It Takes More Than Social Media

I think of quality social marketing as being a skilled socialite. The ability to start a conversation, comment and contribute thoughtfully separates the “life of the party” from everyone else. Social media is attractive to marketers for its low-cost approach to reaching and conversing with fragmented audiences, but it's time we move the strategy of digital marketing into its rightful place: alongside other important marketing tools, so that a conversation can become a call to action. Isn't real integration what we've being trying to achieve for decades? Social media can be the glue for your campaign, but needs to be utilized the right way in order to be effective.

The goal with social media should be to use your social platform as one of many components in a much larger campaign message. Investing time in trying to chase the trending topic is a dangerous game for marketers when it comes to social media. Magnifying the trend in chasing social media started at this year’s Super Bowl with a cookie brand and a single, topical picture. Oreo tweeted and posted the “blackout” picture, with the simple line “you can still dunk in the dark,” and saw roaring success. 

While the Oreo picture received massive amounts of chatter and glowing praise from the press (15,000 retweets and Facebook “likes” within a few hours), the jury is still out on whether the move translated into sales. Let us not forget that Oreo had a television spot during the Super Bowl (which came at a hefty price), and Oreo also tried the same social strategy during the Grammys and the Oscars, but received far less fanfare and press. It is worth noting that during the Super Bowl, Tide and Calvin Klein attempted similar “real-time” messages, with little or no press in comparison to Oreo. Yet, that “grab-the-moment” Oreo tweet still received positive reactions from a plethora of publications, maybe even overshadowing the television spot. Perhaps, the real reason Oreo was so successful is that it was ready with its creative team and the decision makers and then was willing to talk about “how they worked together” in the immediacy of the situation. Going the extra mile during the Super Bowl weekend – now, that’s a topic for party conversation.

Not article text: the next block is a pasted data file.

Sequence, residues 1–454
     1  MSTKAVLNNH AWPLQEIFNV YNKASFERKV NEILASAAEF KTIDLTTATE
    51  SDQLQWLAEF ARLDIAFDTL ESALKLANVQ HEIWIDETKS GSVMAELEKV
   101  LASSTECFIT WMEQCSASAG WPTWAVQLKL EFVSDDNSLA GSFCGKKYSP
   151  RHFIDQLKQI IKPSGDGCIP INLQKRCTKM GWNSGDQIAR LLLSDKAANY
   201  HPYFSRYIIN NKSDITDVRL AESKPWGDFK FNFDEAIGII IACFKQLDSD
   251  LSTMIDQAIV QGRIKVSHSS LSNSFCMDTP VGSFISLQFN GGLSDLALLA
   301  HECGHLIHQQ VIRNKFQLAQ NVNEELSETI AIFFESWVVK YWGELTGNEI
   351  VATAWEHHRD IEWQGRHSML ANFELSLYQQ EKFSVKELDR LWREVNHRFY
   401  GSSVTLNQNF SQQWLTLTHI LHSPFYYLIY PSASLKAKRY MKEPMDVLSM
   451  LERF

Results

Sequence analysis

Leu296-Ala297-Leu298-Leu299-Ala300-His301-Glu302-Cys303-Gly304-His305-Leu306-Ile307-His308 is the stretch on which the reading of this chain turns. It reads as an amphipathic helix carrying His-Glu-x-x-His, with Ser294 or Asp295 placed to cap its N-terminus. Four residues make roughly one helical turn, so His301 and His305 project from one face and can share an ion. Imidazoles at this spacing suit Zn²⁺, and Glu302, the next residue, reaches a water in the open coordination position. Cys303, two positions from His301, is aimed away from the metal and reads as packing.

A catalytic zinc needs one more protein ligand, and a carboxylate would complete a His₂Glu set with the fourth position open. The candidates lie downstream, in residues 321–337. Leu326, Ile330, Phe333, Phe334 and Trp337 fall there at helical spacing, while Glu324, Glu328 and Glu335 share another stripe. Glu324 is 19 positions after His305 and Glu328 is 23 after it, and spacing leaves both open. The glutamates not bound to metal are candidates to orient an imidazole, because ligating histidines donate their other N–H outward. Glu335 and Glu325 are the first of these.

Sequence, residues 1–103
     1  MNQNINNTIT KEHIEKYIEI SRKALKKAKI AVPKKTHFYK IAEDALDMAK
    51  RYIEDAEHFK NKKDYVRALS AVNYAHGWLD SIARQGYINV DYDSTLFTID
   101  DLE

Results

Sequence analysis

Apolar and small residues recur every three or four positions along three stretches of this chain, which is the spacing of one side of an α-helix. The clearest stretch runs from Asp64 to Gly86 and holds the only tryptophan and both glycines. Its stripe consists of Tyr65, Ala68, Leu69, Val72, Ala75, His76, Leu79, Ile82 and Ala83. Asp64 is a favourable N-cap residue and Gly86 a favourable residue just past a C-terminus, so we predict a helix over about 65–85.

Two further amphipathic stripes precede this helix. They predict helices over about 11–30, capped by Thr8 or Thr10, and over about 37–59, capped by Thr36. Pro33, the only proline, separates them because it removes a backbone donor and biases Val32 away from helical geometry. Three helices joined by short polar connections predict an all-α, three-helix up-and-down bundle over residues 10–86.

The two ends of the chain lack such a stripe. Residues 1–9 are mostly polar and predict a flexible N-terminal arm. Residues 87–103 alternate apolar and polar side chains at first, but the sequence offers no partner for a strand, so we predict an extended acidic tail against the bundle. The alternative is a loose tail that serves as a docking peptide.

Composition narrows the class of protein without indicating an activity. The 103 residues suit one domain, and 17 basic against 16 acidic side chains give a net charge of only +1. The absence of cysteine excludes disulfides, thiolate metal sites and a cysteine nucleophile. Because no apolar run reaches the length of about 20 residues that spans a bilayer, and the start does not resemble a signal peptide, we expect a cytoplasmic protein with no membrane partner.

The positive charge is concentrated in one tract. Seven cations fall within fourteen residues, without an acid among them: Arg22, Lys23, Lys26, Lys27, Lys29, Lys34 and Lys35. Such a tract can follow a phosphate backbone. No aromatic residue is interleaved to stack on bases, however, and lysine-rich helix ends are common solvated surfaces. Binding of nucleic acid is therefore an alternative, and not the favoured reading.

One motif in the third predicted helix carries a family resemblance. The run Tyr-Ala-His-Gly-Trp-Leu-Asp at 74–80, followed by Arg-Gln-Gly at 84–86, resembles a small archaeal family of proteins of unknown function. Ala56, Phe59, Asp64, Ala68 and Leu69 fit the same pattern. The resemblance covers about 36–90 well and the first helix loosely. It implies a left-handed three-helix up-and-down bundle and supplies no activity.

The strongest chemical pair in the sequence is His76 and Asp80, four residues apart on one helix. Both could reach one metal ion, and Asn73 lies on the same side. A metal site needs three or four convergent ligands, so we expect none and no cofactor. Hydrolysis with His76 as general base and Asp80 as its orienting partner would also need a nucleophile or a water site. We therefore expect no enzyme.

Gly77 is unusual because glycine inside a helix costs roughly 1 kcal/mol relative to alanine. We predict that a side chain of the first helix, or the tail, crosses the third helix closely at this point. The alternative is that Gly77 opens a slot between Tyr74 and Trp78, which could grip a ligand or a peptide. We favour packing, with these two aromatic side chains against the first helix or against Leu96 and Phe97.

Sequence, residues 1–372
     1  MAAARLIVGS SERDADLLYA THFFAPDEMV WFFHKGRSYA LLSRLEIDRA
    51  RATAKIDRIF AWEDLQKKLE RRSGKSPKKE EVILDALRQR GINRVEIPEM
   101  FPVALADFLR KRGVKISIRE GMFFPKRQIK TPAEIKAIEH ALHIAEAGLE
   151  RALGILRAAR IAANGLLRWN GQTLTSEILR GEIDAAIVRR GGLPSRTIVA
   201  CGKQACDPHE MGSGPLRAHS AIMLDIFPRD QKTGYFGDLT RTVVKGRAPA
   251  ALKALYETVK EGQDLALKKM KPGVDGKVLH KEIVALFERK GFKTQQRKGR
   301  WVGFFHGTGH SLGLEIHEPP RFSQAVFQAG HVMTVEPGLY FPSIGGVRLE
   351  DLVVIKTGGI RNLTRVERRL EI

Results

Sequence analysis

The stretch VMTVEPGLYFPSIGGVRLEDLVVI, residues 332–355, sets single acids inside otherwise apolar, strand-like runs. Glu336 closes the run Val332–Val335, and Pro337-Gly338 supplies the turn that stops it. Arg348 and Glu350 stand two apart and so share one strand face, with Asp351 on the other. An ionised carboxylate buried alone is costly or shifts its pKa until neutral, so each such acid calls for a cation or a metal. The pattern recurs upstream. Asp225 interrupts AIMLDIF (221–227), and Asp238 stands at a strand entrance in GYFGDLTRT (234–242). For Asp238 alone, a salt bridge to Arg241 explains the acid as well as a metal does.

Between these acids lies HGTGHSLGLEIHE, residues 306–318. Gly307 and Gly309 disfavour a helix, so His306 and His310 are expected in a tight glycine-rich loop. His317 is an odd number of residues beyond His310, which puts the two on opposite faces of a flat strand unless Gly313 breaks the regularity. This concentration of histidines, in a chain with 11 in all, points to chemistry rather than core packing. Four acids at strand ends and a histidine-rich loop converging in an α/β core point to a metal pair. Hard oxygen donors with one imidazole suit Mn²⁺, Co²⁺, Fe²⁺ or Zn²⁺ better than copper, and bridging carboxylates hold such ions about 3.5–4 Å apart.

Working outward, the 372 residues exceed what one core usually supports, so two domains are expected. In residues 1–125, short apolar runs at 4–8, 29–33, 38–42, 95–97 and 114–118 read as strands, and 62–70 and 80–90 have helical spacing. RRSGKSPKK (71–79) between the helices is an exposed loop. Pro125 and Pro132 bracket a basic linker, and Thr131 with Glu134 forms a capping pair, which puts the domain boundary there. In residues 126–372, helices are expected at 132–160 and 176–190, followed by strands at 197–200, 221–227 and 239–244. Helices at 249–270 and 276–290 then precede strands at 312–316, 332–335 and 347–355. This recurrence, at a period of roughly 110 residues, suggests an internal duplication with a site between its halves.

It is hard to ignore the elephant-in-the-room question, “What exactly are marketers chasing with social media?,” particularly, when there is so little data to show that these efforts affect sales. A recent AdAge study showed that beverage giant Coca-Cola found little to no correlation between its online buzz and increased sales metrics. Coke later posted an article from its VP of integrated marketing, Wendy Clark, which stated that its campaigns are a “combination of owned, earned, shared and paid media connections – with social playing a crucial role at the heart of our activations,” according to the article on

I concur with Ms. Clark's statement. Social is only one of the many important tools in your marketing toolbox. The focus should be on crafting a well-thought-out, creative marketing campaign, with social media serving as one of many components of your platform. Social media provides the opportunity for a multi-channel approach and a more integrated campaign. A recent Nielsen study shows that nearly 90% of all brands are using some type of integrated model for their campaigns in 2013, proving social marketing is necessary to reach your audience.  Social is in print, television and on site at events; it’s important for the campaign, and a tool that can help connect the message across multiple platforms. But, that message should be yours and engaging enough to spark action. 

The Oreo blackout picture, albeit successful, shows just how much farther marketers still have to go in harnessing the power of social marketing. For marketers, the social media strategy should relate to your activation, creative and all other aspects of your marketing campaign. The possibilities of what brands can do with social marketing are only growing, but brands need to realize that it is only one of the many tools needed to become the life of the party.

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